July 13: For Your Family - Total Skin Care, Tips From Dr. Brooke Jackson

Pharmaceutical IndustryFamilyCosmetic ProceduresSkin CancerAcneWGN

How to treat rashes and marks on your skin the safe way:

Sunburn:

Stay out of the sun if you've just had a chemical peel or laser treatments as these treatments make the skin much more sensitive to the sun.If you are taking other medications, such as high blood pressure or acne medicines, these will make your skin more sensitive to the sun. Skin products (specifically anti-aging products) and medications (like acne medications) can be drying as well. To help ease the pain of sunburns, use a heavy moisturizer (jar) that has been left in fridge. The cool will be more comforting and re-apply, re-apply, re-apply! Cool showers and oatmeal baths can be soothing. Use OTC hydrocortisone cream to help with itching. If severe, or with blisters, you might also be put on oral medications so you should see physician if this occurs. Drink lots of water to help your skin bounce back. Wearing sunblock and sunscreen is the best way to prevent sunburn.Wear sun-protective clothing when outside as well.If you develop fever, chills or significant amount of blisters, time to see your doctor.We know that sunburns and large amounts of sun exposure at a young age (prior to age 18) is a HUGE risk for skin cancer later in life.

Skin Cancer & Moles:

Look for abnormal shapes, growing moles. Check out the Skin Cancer Foundation's (www.skincancer.org) website for pictures of normal vs. abnormal moles. Best protection against skin cancer is wearing sunblock or sunscreen. Sunscreen is like the screen in your windows, allowing penetration of some rays, about 89% filter. Sunblock is more protective. It often has physical blockers like titanium dioxide and will filter out about 97% of UV rays, giving maximum protection against the sun at an early age. SPF-number refers only to UVB protection, not UVA. You need to look for certain ingredients to assure UVA/UVB protection. Look for products containing: titanium dioxide, zinc oxide, mexoryl, helioplex. If you are in doubt about a mole of mark on your skin, see a dermatologist.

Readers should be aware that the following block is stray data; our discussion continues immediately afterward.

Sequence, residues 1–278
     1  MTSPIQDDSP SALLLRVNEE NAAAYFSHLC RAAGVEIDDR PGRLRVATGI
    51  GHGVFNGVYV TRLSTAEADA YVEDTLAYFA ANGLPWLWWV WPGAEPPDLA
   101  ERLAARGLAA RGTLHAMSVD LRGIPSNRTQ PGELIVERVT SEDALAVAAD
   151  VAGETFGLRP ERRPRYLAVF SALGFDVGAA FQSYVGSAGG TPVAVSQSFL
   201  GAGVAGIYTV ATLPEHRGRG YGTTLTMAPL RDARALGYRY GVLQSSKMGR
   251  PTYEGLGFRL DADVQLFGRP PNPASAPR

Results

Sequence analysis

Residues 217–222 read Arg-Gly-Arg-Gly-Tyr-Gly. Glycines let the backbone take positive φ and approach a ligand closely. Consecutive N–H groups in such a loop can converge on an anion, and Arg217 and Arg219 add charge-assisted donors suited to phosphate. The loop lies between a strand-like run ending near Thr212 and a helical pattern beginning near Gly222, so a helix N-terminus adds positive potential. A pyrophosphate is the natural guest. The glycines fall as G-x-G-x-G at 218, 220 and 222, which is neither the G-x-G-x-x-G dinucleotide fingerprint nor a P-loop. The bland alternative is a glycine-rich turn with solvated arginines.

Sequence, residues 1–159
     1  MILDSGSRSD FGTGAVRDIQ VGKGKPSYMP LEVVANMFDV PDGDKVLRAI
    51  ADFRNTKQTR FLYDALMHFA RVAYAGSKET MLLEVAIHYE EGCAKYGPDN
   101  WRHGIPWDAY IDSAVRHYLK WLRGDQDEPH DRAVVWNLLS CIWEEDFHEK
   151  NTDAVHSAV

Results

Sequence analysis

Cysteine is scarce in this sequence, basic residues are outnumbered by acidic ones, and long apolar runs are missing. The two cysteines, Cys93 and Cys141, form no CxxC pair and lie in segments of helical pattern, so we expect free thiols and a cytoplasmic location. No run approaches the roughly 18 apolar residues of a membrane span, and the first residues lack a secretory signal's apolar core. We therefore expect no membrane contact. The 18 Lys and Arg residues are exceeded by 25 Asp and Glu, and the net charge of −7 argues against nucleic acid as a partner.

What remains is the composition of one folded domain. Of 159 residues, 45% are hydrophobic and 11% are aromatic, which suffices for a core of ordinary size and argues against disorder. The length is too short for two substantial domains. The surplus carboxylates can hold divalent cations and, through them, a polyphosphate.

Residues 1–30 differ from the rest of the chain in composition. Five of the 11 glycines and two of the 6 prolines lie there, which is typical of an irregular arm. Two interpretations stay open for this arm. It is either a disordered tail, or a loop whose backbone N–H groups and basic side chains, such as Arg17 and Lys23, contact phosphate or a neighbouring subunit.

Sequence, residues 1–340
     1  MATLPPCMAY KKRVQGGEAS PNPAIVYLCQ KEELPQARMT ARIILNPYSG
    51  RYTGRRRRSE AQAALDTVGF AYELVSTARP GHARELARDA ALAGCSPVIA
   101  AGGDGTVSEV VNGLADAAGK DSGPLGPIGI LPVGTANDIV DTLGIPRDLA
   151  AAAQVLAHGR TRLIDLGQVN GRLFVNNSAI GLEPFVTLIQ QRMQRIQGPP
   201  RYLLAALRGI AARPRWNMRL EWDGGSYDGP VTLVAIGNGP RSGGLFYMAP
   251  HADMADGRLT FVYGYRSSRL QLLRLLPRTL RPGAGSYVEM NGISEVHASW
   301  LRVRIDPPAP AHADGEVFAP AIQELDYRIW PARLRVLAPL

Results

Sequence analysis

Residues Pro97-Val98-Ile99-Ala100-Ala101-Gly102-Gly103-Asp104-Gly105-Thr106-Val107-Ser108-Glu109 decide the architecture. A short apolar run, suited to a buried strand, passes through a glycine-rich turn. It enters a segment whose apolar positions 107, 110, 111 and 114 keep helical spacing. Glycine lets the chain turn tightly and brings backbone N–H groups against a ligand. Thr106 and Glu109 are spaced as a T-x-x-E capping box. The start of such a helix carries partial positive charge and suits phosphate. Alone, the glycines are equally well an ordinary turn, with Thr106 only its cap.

Poison Ivy:

Many people think this is contagious, but it is caused by the oil from plant leaves. For a mild reaction the treatment should be aimed at comfort: use oatmeal bath (Aveeno) or over the counter hydrocortisone. Take Benadryl and/or Advil to reduce swelling. If rash continues for more than a few days, itching is severe, or involves skin around mouth, eyes or genitals should see your dermatologist because you will likely need some oral medication.

Bug Bites (Mosquito):

Don't scratch.Use anti-itch cream, like over-the-counter hydrocortisone, if severe itching occurs. Often worse in patients with underlying skin conditions such as eczema.

Fungal Infections (Athlete's Foot, Intertrigo-Rash):

This is made worse with moist , sweaty, wet/humid environments--summer in Chicago!Wear sweat-wicking workout materials (socks, sports bras, shorts, etc.) like Dry-Fit and Coolmax. Use a talcum powder, Aquaphor where chaffing might occur. If you have a baby, use diaper rash cream.Use OTC anti-fungals cream for 2-3 weeks and if infections are not better, see a dermatologist.

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